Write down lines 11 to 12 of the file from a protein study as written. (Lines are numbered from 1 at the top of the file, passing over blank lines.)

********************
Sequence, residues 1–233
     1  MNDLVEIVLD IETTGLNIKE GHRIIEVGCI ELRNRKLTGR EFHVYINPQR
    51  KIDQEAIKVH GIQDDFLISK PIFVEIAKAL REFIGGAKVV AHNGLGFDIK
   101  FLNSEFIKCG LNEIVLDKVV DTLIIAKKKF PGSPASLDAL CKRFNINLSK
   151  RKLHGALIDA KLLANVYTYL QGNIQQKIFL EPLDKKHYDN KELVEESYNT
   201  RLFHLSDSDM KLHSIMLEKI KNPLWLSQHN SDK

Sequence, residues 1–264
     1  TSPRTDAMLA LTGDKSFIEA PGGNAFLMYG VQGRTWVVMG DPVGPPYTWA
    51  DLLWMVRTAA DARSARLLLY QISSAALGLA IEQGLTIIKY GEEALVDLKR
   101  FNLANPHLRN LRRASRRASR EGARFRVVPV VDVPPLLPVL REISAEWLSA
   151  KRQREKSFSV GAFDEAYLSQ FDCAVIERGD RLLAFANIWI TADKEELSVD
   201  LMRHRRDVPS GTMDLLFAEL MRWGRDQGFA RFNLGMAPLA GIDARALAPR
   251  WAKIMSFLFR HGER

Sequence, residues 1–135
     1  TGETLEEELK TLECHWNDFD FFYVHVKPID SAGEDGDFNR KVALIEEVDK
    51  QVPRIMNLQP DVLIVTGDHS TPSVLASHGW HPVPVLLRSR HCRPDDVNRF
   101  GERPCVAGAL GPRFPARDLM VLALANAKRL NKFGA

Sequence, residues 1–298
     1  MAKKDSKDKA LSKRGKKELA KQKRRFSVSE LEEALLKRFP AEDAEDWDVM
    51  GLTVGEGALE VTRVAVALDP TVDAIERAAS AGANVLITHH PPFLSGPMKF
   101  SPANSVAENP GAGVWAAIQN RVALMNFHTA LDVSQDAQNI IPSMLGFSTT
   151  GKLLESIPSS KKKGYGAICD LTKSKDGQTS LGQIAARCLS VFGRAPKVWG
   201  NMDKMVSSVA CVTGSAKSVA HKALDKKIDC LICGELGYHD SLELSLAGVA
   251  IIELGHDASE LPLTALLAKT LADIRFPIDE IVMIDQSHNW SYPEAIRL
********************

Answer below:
   151  KRQREKSFSV GAFDEAYLSQ FDCAVIERGD RLLAFANIWI TADKEELSVD
   201  LMRHRRDVPS GTMDLLFAEL MRWGRDQGFA RFNLGMAPLA GIDARALAPR